Nadia Sawalha was reduced to tears as her daughter Maddie, 14, spoke about being bullied at school. The mother-daughter pair were filming a video to promote anti-bullying, when Maddie's painful memories became all too much for her mum. "At first at school I was kind of ok. It wasn't a big deal to me. I didn't really mind," said Maddie. "And I think progressively, across time, it got more to me. It could be stuff said behind my back or literally just looks when you're walking down a hallway, people looking at you with a side eye. It was a tight feeling in the chest.
"I remember just being nervous because a lot of the people that bullied me there, they'd be on and off. They'd be really nice to me one day and then they'd be really horrible the next day, so it was going in and not knowing how they would be with me," said Maddie. Her words proved too much as Nadia welled up, choking back tears. "You crying?" asked Maddie, giving her mum a hug.
"It's such a simple thing to do to a person, just give them a sideways glance," said Nadia. "And I think often when children do that to other children they don't even know how painful that could be. They're just practising their power." She continued: "To hear that you were upset like that, I hate it. I hate it because I know you have such a good heart and I think this is the problem. School can be a place where amazing things happen but it can also be like Armageddon of different emotions, fears, terrors and bravado and panic and stress."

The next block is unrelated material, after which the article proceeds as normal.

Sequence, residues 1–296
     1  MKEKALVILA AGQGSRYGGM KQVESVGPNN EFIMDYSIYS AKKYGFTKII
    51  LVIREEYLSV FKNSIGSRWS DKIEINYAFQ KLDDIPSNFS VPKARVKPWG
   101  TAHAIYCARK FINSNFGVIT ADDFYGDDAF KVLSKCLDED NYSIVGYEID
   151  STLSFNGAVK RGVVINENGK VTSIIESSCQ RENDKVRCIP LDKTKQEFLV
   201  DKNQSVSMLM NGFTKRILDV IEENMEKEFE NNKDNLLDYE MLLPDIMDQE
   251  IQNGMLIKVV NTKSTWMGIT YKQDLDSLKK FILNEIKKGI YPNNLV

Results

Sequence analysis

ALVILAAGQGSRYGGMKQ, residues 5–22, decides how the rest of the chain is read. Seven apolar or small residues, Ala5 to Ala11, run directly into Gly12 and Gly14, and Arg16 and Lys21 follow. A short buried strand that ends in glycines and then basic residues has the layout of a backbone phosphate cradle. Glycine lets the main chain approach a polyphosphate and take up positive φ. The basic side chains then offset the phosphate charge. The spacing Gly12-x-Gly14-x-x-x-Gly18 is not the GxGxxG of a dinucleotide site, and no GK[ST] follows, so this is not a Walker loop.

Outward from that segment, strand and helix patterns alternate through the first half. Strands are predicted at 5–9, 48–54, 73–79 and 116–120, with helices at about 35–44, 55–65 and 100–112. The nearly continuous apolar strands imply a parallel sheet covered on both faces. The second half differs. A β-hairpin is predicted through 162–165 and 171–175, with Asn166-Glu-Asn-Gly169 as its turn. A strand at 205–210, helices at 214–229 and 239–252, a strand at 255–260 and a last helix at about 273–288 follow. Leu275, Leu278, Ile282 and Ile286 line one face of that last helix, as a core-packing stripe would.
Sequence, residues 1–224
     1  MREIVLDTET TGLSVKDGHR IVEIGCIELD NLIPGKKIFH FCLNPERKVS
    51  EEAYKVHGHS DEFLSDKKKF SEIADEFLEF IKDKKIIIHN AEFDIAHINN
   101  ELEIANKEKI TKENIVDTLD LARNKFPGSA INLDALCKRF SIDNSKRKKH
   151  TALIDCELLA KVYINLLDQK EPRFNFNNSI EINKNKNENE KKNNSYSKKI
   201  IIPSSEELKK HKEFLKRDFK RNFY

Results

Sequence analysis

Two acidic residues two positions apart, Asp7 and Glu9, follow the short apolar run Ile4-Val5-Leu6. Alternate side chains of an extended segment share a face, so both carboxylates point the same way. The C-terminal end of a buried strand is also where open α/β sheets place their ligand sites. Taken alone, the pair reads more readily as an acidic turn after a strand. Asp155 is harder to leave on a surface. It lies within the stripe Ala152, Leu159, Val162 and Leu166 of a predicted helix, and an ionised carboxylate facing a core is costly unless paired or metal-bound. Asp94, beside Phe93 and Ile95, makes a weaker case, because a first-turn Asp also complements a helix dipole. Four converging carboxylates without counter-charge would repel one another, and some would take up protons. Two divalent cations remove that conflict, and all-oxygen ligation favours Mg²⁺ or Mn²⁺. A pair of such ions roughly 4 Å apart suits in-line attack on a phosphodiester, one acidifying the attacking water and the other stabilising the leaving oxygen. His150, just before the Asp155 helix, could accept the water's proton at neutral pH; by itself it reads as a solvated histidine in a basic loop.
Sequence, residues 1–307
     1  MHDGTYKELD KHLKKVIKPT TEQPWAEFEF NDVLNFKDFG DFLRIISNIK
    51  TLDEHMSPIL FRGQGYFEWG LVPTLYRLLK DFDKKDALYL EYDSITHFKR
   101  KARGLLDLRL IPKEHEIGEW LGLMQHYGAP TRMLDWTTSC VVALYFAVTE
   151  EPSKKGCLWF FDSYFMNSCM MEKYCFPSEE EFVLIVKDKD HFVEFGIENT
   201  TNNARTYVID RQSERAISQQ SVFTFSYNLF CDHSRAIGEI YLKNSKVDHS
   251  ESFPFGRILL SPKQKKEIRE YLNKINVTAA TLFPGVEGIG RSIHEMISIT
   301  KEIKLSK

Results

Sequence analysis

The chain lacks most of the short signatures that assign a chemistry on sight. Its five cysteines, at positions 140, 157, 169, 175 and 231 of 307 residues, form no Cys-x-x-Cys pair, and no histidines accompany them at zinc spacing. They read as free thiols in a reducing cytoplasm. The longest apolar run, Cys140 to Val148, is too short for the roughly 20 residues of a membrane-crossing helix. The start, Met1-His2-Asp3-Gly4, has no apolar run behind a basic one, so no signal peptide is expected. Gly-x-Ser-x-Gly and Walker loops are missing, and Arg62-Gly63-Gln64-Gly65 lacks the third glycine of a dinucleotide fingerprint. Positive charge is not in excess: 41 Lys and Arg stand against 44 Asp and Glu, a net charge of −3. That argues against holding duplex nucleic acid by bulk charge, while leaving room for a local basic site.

The Loose Women panellist was one of the stars who have spoken about bullying for the Diana Award's anti-bullying campaign, Back2School. Approximately ten million children are going back to school in the UK this month, and over half will be affected by bullying. The campaign hopes to raise awareness and funds to train an anti-bullying ambassador in each school.
Giovanna Fletcher and Tom Daley also recounted their childhood memories of being picked on at school. In her video, Giovanna recalled: "It started with small comments like saying that I smelt. Someone had been over to our house and said that our family smelt, they said something about my nan. Then calling me out for being fat. I can remember it escalating to the point where I would get pushed. We were doing a thing for gymnastics and one of them purposefully pushed me into a brick wall and I scraped my face."
The author added: "On at least three occasions, the girls would be talking to me and they would be talking in a way that made me walk backwards. And each time I would fall into the rose bushes at school and I don't think there's anything quite as embarrassing as being with the school nurse and having rose thorns pulled out of your bum."
Tom appeared in his video alongside his husband Dustin Lance Black. He revealed the bullying started after he competed in the Olympics. "For the first few years at school, I had the best time," said the professional diver. "But then it was when I qualified for the Olympics when things took a bit of a turn. I came back from the Olympics after the summer holiday and all of a sudden, things had just changed. They took the mick out of what I was wearing on the diving board, they would throw stuff at me at lunchtime, it became this thing where diving became a burden rather than something I was proud of. It's really disheartening."